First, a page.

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“Bite-Size Bits of Local, National, and Global History”
“Bite-Size Bits of Local, National, and Global History”
Camden in Kershaw County, South Carolina — The American South (South Atlantic)
 

Northeast Redoubt

 
 
Northeast Redoubt Marker image. Click for full size.
By Anna Inbody, October 2, 2011
1. Northeast Redoubt Marker
Inscription. This partially reconstructed redoubt was one of six small forts built by British forces during their occupation of Camden in 1780 - 1781. Manned by a detachment of infantry and supported by heavy artillery, these works served as the outer line of defense of the British base. The forts were later destroyed during the British evacuation of Camden in May 1781. Archaeological investigations at this site in 1967 yielded numerous military artifacts and provided the basis for reconstructing the southern third of the redoubt.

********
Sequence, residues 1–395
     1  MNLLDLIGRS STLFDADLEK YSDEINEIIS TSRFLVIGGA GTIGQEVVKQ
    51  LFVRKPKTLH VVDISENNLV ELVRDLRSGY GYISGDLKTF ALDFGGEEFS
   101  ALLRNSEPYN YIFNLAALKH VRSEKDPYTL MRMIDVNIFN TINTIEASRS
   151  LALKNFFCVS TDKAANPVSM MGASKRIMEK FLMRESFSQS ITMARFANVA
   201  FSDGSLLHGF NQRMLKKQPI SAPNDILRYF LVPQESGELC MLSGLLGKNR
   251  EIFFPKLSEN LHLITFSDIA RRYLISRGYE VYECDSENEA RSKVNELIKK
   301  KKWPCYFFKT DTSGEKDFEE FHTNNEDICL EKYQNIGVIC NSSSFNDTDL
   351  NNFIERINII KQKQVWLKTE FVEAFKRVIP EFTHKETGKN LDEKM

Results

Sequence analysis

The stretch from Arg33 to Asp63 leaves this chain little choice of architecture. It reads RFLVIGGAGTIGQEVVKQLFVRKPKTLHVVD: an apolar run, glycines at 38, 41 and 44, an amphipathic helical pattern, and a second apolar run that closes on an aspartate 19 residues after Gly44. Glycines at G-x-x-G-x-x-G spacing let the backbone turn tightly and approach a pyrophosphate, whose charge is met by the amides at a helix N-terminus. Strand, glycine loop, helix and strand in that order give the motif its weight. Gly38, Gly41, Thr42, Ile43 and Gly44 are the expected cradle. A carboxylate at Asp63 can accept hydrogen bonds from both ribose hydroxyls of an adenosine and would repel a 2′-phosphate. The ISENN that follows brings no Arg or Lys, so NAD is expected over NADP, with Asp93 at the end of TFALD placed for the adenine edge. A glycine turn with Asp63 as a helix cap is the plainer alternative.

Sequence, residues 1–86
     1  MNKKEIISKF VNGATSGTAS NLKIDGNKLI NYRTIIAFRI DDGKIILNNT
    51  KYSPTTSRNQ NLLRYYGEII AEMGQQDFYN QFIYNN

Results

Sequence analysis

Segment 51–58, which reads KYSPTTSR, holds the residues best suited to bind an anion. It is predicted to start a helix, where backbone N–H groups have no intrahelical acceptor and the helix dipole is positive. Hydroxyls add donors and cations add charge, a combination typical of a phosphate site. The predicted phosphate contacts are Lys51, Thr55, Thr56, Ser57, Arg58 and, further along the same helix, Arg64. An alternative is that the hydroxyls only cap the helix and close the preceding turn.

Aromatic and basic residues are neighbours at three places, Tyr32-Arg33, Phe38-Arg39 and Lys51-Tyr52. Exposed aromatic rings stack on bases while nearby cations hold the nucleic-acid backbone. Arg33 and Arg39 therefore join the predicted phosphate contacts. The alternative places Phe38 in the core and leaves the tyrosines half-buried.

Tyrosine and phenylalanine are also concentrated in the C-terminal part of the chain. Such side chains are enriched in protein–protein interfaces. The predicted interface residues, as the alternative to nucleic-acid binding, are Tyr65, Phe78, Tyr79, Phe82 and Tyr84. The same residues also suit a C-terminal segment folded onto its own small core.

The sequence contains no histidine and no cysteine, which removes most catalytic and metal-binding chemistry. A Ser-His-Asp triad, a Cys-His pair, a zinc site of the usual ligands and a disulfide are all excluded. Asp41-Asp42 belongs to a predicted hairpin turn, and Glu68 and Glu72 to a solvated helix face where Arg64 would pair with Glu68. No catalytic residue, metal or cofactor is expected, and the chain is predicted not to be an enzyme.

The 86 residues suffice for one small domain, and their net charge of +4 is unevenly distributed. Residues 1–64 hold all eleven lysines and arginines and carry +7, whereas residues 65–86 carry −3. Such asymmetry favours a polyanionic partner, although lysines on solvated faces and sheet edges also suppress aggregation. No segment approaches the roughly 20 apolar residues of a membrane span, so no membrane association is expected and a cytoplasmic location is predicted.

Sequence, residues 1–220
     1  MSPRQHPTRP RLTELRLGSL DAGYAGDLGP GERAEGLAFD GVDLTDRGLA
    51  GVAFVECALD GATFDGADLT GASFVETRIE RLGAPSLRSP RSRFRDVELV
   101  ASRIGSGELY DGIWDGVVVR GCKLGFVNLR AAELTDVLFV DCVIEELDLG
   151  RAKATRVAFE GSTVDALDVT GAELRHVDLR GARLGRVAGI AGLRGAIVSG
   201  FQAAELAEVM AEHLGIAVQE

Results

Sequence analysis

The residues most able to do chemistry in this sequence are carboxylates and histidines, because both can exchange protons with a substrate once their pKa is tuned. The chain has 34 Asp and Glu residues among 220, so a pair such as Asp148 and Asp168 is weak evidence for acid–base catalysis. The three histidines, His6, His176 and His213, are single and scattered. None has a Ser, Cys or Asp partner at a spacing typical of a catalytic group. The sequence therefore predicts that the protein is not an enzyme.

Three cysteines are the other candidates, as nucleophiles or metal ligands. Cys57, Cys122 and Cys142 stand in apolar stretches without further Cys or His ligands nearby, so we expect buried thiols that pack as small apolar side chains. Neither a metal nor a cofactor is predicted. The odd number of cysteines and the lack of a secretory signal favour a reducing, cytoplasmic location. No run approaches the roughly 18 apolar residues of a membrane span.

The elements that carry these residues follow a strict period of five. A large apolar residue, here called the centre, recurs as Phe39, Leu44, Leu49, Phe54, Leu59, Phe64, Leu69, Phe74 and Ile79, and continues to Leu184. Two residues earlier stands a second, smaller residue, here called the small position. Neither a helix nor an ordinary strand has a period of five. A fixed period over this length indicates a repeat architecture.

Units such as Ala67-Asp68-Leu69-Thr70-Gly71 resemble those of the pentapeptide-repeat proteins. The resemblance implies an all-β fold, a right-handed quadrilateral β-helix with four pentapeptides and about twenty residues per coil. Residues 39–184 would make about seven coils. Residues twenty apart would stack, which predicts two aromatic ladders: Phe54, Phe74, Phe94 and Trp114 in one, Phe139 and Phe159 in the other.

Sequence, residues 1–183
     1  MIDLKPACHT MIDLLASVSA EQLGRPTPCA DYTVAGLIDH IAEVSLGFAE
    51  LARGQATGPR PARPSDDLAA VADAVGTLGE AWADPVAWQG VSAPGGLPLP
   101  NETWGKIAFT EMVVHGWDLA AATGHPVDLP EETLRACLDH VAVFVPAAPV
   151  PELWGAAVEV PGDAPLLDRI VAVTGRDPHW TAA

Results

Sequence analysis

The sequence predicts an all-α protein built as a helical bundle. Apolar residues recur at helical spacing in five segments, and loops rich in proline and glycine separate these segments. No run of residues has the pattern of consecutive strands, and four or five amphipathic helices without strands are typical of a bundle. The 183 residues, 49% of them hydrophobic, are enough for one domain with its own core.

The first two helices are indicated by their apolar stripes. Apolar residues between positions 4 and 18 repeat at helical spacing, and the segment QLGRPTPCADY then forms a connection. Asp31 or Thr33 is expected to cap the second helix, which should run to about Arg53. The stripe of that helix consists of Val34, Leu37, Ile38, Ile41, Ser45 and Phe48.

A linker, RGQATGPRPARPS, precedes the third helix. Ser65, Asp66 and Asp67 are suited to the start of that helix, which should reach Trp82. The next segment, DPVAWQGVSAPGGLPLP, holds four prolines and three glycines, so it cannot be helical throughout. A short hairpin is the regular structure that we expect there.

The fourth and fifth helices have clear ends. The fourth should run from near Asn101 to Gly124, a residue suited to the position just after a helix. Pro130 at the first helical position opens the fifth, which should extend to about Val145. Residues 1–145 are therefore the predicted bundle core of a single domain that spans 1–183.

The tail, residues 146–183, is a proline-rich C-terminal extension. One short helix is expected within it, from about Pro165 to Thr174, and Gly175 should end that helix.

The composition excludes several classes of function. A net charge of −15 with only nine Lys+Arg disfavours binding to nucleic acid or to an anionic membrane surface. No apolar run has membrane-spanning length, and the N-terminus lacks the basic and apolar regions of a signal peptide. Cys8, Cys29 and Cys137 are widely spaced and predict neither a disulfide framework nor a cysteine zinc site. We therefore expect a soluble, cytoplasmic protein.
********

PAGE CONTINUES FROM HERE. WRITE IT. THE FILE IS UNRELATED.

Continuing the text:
Location. 34° 14.215′ N, 80° 36.105′ W. Marker is in Camden, South Carolina, in Kershaw County. Marker can be reached from Broad Street. Touch for map. Marker is in this post office area: Camden SC 29020, United States of America.
 
Other nearby markers. At least 8 other markers are within walking distance of this marker. Joseph Kershaw (1728-1791) (about 600 feet away, measured in a direct line); Kershaw House (about 700 feet away); The Common (about 700 feet away); Prisoners of War (about 700 feet away); Southeast Redoubt (approx. 0.2 miles away); Citizen - Soldiers (approx. 0.2 miles away); Palisade Wall (approx. 0.2 miles away); The Fortified Post (approx. 0.2 miles away). Touch for a list and map of all markers in Camden.
 
Categories. War, US Revolutionary
 
Overview image. Click for full size.
By Anna Inbody, October 2, 2011
2. Overview
Northeast Redoubt image. Click for full size.
By Anna Inbody, October 2, 2011
3. Northeast Redoubt
 
 
Credits. This page was last revised on June 16, 2016. This page originally submitted on November 3, 2011, by Anna Inbody of Columbia, South Carolina. This page has been viewed 230 times since then and 19 times this year. Photos:   1, 2, 3. submitted on November 3, 2011, by Anna Inbody of Columbia, South Carolina. • Craig Swain was the editor who published this page.
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